A manager's genuine interest in employees' lives pays off at every level, in every job
"Now listen to me, all of you. You are all condemned men. We keep you alive to serve this ship. So row well, and live." Those were the words of Quintus Arrius in the movie Ben-Hur. And while he was speaking to Roman slaves, one can almost imagine a modern version coming from a manager today. "O.K., people, you all know that unemployment is at a 50-year high. You're lucky to have jobs. So work hard, and no more complaining."
Lost amid the justifiable concern about the 9.7% of U.S. workers who are unemployed is the well-being of the other 90.3%, many of whom are miserable. They feel they're out of options and that management has little incentive to make their work lives more meaningful.
Even well-intentioned managers—as most are—feel their hands are now tied when it comes to motivating and engaging their workers. Salaries are stagnant. Perks and benefits are only going to get slimmer. What can they do?
Plenty—and one important way to motivate and engage your team is just as available and cost-effective as it has always been. Perhaps it's overlooked because it's so ridiculously simple; it's something even the worst managers get and the best ones can forget. In fact, I am reluctant to write about it here because it is so patently obvious. But then I think about that quote from 18th century writer Samuel Johnson: "People need to be reminded more often than they need to be instructed."
So here's a reminder for managers: Take an active, genuine interest in the lives of your employees. (And since I'm doling out obvious advice, don't forget to wash behind your ears.)
One of the greatest causes of misery for employees is the feeling that the person they work for isn't interested in who they are and what goes on in their lives, personally or professionally. Regardless of how much money people make and whether their jobs suit them, if they feel anonymous they'll dread going to work—and return home deflated.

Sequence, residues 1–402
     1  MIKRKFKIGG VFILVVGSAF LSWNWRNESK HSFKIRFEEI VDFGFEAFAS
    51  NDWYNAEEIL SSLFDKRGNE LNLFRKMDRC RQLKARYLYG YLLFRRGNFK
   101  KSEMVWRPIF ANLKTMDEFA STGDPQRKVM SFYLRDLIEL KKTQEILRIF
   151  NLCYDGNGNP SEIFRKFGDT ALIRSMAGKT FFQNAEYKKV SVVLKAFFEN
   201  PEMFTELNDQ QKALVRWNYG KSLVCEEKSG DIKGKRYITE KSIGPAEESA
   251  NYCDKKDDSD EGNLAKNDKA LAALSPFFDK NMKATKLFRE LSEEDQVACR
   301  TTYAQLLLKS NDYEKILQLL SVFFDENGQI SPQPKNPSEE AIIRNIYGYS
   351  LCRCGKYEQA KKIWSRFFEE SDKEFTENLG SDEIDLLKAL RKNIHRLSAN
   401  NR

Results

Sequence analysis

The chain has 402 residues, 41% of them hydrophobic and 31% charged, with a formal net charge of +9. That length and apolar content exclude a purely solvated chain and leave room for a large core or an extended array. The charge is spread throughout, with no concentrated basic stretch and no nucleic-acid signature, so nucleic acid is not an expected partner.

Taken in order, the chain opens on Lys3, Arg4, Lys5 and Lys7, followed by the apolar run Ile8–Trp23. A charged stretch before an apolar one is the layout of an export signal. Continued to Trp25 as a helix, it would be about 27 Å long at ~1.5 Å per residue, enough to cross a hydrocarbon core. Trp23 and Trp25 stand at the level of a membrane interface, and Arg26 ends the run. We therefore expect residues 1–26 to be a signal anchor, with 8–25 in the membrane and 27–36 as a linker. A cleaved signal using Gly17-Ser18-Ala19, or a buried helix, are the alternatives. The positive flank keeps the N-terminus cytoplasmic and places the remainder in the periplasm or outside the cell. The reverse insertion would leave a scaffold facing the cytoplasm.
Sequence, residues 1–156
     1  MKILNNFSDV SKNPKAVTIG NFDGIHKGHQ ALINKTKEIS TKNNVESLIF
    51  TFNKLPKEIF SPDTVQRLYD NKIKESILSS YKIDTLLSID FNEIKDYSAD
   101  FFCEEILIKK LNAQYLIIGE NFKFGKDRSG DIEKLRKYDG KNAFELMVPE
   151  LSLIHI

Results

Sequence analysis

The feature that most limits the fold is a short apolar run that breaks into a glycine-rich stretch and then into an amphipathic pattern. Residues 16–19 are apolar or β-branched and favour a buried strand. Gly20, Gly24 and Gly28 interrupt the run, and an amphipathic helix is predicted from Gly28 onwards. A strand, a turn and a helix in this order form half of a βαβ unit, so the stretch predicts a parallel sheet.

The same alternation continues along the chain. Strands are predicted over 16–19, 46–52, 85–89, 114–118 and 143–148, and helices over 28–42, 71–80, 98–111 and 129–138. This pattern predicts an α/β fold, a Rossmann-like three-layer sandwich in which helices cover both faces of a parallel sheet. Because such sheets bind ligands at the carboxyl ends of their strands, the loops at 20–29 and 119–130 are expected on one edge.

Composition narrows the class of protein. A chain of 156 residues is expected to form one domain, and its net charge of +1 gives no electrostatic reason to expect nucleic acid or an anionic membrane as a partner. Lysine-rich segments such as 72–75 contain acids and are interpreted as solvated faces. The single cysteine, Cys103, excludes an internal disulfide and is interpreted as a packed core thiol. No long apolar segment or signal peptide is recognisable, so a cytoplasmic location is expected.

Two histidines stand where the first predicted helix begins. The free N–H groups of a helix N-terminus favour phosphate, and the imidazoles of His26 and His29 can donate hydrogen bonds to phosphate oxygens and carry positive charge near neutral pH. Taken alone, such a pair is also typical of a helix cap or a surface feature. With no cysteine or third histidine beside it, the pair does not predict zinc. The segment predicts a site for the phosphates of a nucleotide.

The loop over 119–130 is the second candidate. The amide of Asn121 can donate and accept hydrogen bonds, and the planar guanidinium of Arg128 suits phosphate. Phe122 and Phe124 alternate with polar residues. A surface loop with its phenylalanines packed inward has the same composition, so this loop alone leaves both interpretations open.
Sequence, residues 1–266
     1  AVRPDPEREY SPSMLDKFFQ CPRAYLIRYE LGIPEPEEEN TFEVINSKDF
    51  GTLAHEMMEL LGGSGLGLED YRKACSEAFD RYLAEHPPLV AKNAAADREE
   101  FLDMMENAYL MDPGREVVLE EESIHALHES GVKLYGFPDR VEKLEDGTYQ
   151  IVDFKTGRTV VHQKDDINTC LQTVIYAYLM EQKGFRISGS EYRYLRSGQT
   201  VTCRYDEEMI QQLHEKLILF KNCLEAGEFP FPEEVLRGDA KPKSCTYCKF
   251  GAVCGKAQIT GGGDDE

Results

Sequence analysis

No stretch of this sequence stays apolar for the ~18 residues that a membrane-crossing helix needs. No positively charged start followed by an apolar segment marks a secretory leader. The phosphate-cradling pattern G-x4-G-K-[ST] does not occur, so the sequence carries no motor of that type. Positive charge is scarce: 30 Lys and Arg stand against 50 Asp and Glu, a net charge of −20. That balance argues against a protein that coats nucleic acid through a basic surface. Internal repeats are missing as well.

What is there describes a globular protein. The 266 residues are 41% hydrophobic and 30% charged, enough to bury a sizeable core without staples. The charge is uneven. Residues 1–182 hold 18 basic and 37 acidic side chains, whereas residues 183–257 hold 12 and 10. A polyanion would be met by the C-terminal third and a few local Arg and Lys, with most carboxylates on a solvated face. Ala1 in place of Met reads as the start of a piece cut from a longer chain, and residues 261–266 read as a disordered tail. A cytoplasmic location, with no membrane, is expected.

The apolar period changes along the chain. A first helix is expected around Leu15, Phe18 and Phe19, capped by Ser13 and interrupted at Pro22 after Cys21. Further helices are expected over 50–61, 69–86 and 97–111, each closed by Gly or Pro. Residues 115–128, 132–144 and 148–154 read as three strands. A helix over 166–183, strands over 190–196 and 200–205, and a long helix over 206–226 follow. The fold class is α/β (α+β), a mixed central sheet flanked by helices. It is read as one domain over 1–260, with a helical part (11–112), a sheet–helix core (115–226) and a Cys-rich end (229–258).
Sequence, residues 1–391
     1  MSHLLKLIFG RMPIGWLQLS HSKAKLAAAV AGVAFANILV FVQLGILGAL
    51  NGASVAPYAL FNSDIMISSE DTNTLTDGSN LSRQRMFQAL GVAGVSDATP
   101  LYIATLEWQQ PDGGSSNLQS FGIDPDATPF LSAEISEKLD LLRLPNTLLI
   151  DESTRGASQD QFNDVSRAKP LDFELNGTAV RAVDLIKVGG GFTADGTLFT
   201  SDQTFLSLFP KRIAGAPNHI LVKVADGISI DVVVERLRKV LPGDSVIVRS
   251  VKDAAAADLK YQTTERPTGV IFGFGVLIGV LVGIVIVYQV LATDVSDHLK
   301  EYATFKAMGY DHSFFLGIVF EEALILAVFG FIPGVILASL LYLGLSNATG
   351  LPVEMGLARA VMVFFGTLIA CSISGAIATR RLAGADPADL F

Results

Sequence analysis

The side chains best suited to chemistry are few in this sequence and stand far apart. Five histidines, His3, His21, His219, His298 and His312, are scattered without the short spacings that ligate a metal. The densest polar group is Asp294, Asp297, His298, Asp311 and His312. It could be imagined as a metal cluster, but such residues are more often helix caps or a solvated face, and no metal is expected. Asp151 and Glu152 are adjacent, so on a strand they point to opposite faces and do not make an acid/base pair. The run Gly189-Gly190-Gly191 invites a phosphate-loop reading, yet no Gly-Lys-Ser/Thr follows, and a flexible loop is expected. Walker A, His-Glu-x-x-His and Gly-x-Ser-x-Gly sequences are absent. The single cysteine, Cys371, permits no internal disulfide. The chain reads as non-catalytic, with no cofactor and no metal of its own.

I see this in every industry, at every level. One woman I know of had a great job at a nonprofit she loved, so she was at a loss to explain why she felt unfulfilled. After she had her first child and returned to work, she realized why: For two months her manager failed to ask her about the arrival of her baby, the most important event in her life.
A manager needs to be interested in employees from a professional standpoint, too, not only in job details but also in motivation. And a big part of this is helping people figure out why their job matters to someone, somewhere, in some way large or small. For a brain surgeon, firefighter, or priest this is obvious, but for an accounts payable clerk or a pizza delivery guy, it requires a bit more thought. It's essential, however, to finding fulfillment at work.
It's amazing how many high-profile, highly paid employees are as miserable as anyone else when their managers don't seem interested in them. Take, for instance, professional football players. Based on my work with NFL teams, I can attest that misery is alive and well among the players. Most fans can't understand. After all, these athletes are paid exorbitant salaries for playing a child's game for half the year.
Anonymity certainly shouldn't be the cause. Fans and the media dote on the players. But it's an employee's manager who needs to take an interest—and that doesn't happen often in the NFL. A few years ago I spent time with an NFL head coach who had just traded for a talented but troubled player. When I asked the coach, a remarkably decent guy, if he would get to know the new player, try to understand what made him tick, he said: "Nah. This is pro ball, Pat. We're adults. This is a job." The player was 24 years old.
Even among executives, I find that anonymity is a bigger problem than many will admit. So many CEOs and top executives convince themselves that the senior managers they hire are big boys and girls who don't need to be managed like employees anymore. They're shocked to find out later, often after someone leaves, how much their personal detachment affected that employee's work experience.
The truth is, whether we're managing executives in a global technology company, linebackers in the NFL, or rowers in the hull of a ship, if we can't find a way to take an interest in our employees as people, we're committing them to a miserable work life. And that makes ships go a lot slower.
Jack and Suzy Welch are off while Jack recovers from a back infection.